The National Industrial Recovery Act (NIRA) of June 1933 was enacted due to the decline in the industrial prices in 1930s that caused business failures and unemployment. The NIRA was formed in order to boost the declining prices, helping businesses and workers. The NIRA also allowed trade associations in many industries to write codes regulating wages, working conditions, production, and prices. It also set a minimum wage. The codes stopped the tailspin of prices for a short time, but soon, when higher wages went into effect, prices rose too. Thus, consumers stopped buying. The continuous cycle of overproduction and underconsumption put businesses back into a slump. Some businesses felt that the codes were too complicated and the NRA was too rigid.
The Public Works Association (PWA) launched projects such as the Grand Coulee Dam on the Columbia River. This was one of the best parts of the NIRA.
The Federal Securities Act of May 1933/ Securities and Exchange Commission (SEC) required full disclosure of information on stocks being sold. The SEC regulated the stock market. Congress also gave the Federal Reserve Board the power to regulate the purchase of stock on margin. This was critical for the long-term success for businesses.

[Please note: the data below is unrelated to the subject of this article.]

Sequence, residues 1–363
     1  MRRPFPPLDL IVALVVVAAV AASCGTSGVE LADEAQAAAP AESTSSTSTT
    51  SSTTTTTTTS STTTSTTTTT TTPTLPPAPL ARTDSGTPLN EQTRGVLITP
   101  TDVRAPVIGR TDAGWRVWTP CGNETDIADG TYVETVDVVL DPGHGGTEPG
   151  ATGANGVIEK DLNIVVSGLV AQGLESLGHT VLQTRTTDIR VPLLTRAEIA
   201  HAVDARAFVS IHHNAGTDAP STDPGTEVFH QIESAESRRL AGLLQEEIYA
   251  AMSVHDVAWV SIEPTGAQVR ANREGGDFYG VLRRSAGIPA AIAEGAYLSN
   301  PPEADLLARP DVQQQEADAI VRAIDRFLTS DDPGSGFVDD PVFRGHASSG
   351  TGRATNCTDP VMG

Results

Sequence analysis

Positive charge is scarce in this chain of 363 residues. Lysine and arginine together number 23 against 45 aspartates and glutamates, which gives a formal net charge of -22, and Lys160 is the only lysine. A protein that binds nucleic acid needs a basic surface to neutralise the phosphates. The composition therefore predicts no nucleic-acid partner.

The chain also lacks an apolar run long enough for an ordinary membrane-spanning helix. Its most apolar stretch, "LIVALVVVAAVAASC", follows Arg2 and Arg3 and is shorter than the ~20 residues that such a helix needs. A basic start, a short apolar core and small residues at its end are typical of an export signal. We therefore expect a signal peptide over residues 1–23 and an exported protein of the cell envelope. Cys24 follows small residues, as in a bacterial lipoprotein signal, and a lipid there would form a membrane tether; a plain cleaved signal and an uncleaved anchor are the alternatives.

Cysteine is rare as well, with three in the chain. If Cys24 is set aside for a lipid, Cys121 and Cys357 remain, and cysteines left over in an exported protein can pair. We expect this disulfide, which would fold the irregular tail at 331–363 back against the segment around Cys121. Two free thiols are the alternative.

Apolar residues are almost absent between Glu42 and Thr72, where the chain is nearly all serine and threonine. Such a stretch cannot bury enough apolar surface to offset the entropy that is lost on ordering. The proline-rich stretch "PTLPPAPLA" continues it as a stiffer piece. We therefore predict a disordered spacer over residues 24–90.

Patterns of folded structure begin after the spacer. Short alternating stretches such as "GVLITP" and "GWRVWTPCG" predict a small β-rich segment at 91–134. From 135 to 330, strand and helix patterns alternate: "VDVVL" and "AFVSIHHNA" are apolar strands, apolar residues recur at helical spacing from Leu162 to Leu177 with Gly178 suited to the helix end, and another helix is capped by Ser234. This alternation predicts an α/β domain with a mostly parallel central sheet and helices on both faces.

The Tennessee Valley Authority (TVA) (May 1993) helped farmers and created jobs in one of Americas least modernized areas. Reactivating a hydroelectric power plant provided cheap electric power, flood control, and recreational opportunities to the entire Tennessee River valley.    
The Works Progress Administration (WPA) 1935-1943 provided work for 8 million Americans. The WPA constructed or repaired schools, hospitals, airfields, etc. This decreased unemployment.   
The Farm Security Administration (FSA) loaned more than $1 billion to farmers and set up camps for migrant workers.  
The National Labor Relations Act (Wagner Act) legalized practices allowed only unevenly in the past, such as closed shops in which only union members can work and collective bargain. The act also set up the National Labor Relations Board (NLRB) to enforce its provisions.  
The Fair Labor Standards Act of 1938 banned child labor and set a minimum wage. This law was a long awaited triumph for the progressive-era social reformers. 
The Social Security Act established a system that provided old-age pensions for workers, survivors benefits for victims of industrial accidents, unemployment insurance, and aid for dependent mothers and children, the blind and physically disabled. Although the original SSA did not cover farm and domestic workers, it did help millions of Americans feel more secure.  
Now, this is a sure indictment on our part as Kenyans. As we move to our 50 Years of Independence, what do we really want to celebrate as a Country on the 1st June 2013?
One thing I am sure we can achieve if we put our minds together is a Clean Kenya.